In its 5 years of operation, CAPs operated in more than 800 hamlets, containing approximately 500,000 Vietnamese civilians in I Corps. 


On a personal level, many CAP Marines remember fondly their former allies. (This is particularly true of those of us who worked with the Bru tribe of the Dega ("Montagnard") people.)  Some of the friendships established then have lasted to the present.  Indeed, some CAP Marines have gone back to Vietnam at their own expense, and found the people still remember them kindly. Some of the former CAP personnel (as well as some of the Special Forces personnel) have traveled back to establish or work in charitable and civic action programs doing work similar to that which won them friendship originally.

Unfortunately, their very success also made them prime targets of the VC and later the NVA, who often specifically targeted them.  (It has been said that CAP NCOs and officers, and even entire units had a price on their heads in some areas.)  

Their small size and remoteness made them vulnerable to enemy assaults, and though the enemy usually paid a high price for it, units were often over-run, at times with few or no survivors. Several CAP Marines are one of a handful of their units who survived.  One is the sole survivor of his unit.  

Some writers, including Army and Marine flag officers, speculated there might have been a much different outcome to the war had the United States applied the principles of combined action sooner throughout all of South Vietnam.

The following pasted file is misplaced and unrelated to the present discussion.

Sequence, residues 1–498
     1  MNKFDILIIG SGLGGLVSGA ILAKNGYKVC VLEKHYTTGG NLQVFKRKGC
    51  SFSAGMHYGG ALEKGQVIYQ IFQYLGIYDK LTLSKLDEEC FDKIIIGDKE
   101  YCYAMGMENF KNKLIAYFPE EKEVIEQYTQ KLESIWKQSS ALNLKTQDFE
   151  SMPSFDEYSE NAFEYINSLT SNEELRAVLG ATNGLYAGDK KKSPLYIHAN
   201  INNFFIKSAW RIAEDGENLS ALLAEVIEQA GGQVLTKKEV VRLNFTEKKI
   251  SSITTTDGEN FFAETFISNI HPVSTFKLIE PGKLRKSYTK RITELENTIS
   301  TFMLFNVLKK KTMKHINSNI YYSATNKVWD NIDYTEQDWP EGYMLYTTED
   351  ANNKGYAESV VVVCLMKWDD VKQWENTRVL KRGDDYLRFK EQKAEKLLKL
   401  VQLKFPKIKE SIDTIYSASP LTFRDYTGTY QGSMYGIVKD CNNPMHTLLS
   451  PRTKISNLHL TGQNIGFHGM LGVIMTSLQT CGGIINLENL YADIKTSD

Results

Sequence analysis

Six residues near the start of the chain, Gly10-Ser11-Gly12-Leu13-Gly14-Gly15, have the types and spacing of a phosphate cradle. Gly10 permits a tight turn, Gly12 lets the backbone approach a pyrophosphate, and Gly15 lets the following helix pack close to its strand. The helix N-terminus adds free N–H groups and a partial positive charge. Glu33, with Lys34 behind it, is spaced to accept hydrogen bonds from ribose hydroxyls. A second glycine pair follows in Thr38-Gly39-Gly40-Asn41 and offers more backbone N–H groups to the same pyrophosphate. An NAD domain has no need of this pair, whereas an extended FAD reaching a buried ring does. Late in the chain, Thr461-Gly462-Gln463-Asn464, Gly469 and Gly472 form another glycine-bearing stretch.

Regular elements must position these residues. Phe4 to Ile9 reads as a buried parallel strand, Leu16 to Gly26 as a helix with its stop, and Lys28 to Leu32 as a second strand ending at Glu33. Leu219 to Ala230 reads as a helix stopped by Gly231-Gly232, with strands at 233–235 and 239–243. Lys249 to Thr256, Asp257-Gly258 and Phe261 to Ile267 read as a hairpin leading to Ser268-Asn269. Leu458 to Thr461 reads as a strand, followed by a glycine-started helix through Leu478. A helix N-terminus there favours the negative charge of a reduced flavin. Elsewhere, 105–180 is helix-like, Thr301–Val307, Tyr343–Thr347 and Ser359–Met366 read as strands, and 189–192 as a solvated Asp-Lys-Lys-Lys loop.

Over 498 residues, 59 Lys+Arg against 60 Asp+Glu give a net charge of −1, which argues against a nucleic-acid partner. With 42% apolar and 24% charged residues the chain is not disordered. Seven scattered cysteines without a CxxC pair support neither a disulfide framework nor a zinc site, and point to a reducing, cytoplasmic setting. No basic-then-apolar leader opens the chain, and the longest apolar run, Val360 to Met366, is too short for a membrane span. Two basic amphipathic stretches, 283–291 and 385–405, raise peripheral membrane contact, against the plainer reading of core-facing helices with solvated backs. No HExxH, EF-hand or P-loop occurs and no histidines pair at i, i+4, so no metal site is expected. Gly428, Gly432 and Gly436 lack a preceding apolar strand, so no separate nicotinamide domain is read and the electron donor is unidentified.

GEN William Westmoreland was not an advocate of pacification programs.  He believed in large unit land warfare, and was trying to arrange for a full-scale land battle with the NVA that would ostensibly break them for once and all. Nonetheless, he wrote in his memoirs that the Combined Action Program was "one of the more ingenious innovations developed in South Vietnam.

In 1966, Harold P. Ford, who held senior positions in both the National Intelligence Council and the Directorate of Operations, offers some insights on Secretary of Defense Robert McNamara's evaluation of the situation in Vietnam; "The large-unit operations war, which we know best how to fight and where we have had our successes, is largely irrelevant to pacification as long as we do not have it. Success in pacification depends on the interrelated functions of providing physical security, destroying the VC apparatus, motivating the people to cooperate and establishing responsive local government.